Bailiwick of Guernsey
Earth : Europe : Britain and Ireland : Channel Islands : Bailiwick of Guernsey
The islands of Guernsey and the other Channel Islands represent the last remnants of the medieval Dukedom of Normandy, which held sway in both France and England. The islands were the only British soil occupied by German troops during World War II.
Guernsey can only be reached by plane or boat.
Guernsey airport  has flight links to
Flybe  link Guernsey to 22 destinations including:- Scotland (Aberdeen#, Edinburgh, Glasgow# and Inverness#), Ireland (Belfast and Dublin#), England (Birmingham, Exeter, Leeds/Bradford#, London Gatwick, Manchester, Newcastle#, Norwich and Southampton), Switzerland (Geneva#), Germany (Frankfurt#), France (Chambery# (winter only) and Paris CDG#), Netherlands (Amsterdam#), Spain (Malaga#), Isle of Man# and Jersey.
Aurigny  link Guernsey to similar destinations to FlyBe, but can sometimes be used as a cheaper alternative; destinations include: Gatwick, Stansted, East Midlands, Southampton, Bristol, Dinard, Grenoble, Alderney, Jersey and Manchester.
BlueIslands  are the 3rd airline who operate year-round Guernsey services to and from Alderney, Geneva, Isle of Man, Jersey, Southampton and Zurich.
Ferries run from St Peter Port to the UK, France and other Channel Islands. There is a conventional ferry year round from Portsmouth, and high speed catamarans from Weymouth and Poole in the summer with a less frequent service in the winter. The conventional ferry runs in all weather, the catamarans can be delayed or cancelled by high seas.
There are no trains on the island; roads are small but not busy. The island is 6 miles long x 3 miles wide, so a bicycle is a good way to get around. Alternately there are hire cars available, taxis and a frequent bus service during the day.
The other Channel Islands can all be reached by ferry from St Peter Port. Jersey and Alderney can also be reached by plane.
Overwhelmingly English is spoken, but Norman-French Guernesais is taught in schools in a bid to preserve it.
Financial services - banking, fund management, insurance, etc. - account for about 55% of total income in this tiny Channel Island economy. Tourism, manufacturing, and horticulture, mainly tomatoes and cut flowers, have been declining. Light tax and death duties make Guernsey a popular tax haven. The evolving economic integration of the EU nations is changing the rules of the game under which Guernsey operates.
Guernsey Pound on parity with British pound (GBP); Notes from Jersey are also accepted. Note - Guernsey pounds are not accepted in the UK and should be changed for UK pounds before leaving the islands. ATMs generally describe which currency is being dispensed - 'Local' or 'Sterling'.
Most international cuisines are represented with, not surprisingly, fresh local seafood taking centre stage. For nice views and good food head for L'Auberge de Jerbourg, La Fregate, La Nautique, Pier 17, Sawatdi (Thai) or Mora's. The Crow's nest has good views but is overpriced. Le Petit Bistro and L'escalier for French and Da Nello's for Italian.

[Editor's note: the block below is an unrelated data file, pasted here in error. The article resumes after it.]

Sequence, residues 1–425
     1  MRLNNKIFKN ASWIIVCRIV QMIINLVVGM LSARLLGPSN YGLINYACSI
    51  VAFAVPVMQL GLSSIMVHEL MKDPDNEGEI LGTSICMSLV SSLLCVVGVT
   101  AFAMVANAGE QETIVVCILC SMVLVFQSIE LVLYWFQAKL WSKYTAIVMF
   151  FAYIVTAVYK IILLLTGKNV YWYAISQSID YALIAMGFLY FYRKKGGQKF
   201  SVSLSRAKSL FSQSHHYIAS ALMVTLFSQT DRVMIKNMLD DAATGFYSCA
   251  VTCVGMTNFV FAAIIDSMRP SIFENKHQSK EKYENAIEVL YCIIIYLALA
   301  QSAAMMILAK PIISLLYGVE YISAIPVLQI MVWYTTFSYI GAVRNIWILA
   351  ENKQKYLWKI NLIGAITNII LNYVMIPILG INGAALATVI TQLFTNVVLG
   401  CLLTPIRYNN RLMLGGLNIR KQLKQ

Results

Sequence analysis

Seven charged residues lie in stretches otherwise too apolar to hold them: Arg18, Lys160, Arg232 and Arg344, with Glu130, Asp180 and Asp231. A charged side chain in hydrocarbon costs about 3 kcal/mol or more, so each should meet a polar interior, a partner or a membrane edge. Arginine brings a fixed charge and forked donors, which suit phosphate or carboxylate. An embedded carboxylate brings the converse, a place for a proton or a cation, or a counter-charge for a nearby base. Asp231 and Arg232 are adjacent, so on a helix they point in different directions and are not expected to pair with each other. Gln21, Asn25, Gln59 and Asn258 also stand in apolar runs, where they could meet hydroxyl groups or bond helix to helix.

Guernsey’s beach kiosks are a gastronomic odyssey in their own right. The Fermain Beach Cafe started life as a kiosk and evolved into a bistro-cafe specialising in seafood. You can work up an appetite (or work off lunch) with a stunning clifftop walk and then sit down to local crab sandwich, scallops with bacon or locally caught monkfish or sea bass with a view of Guernsey's prettiest bay. In summer, you'll need to book two weeks in advance tel 01481 238636. For a wooden basket of traditional cream tea (to take to the beach) head for the kiosk in Saint's Bay or Portelet Bay (the latter better accesible for wheelchair users).
Picnics are also popular. For the ultimate spontaneity, pack fresh French bread and cheese, local tomatoes and paté and a bottle of wine and head for the cliffs. There’s a view from a bay or winding path that really is yours alone. Alternatively check the diary of castle Cornet http://www.museum.guernsey.net/outdoor_theatre.htm for outdoor theatre or, in summer, life music on Friday nights (usually free!). Come early and eat your picnic on the top lawns of the castle, descent with your bottle of wine to watch outdoor theatre or life music in a great medieval setting. (NB dress warm!)
There are lots of pubs to be visited all over the island, in St Peter Port the pubs are easy to find and are mostly along the waterfront. Laska's has an enormous list of cocktails and is a popular spot. Start here and work your way north along the waterfront, ending at the taxi rank.
Guernsey cream teas: The OGH hotel is an excellent location for wintertime cream teas. The Victoria Cafe in Candy gardens has excellent views (but you mustn't be in a hurry!). Cobo tea room on the west coast has excellent home made cakes. Or sample a piece of coffee cake from the kiosk at Port Soif; No real indoor space there but a lovely sheltered garden to hang out in.
There are plenty of opportunities to learn in Guernsey with everything from ceramics to surfing on offer. If you, or your child, want to try something creative while visiting there is a good gallery with art workshops in the older area of town. The Gallery (www.thegallery.gg) is at the top of a cobbled hill (Mill Street) which goes up from the old markets. There you can sign up for pottery, mosaic, painting and photography workshops. There are also plenty of fun and unusual things on offer for children.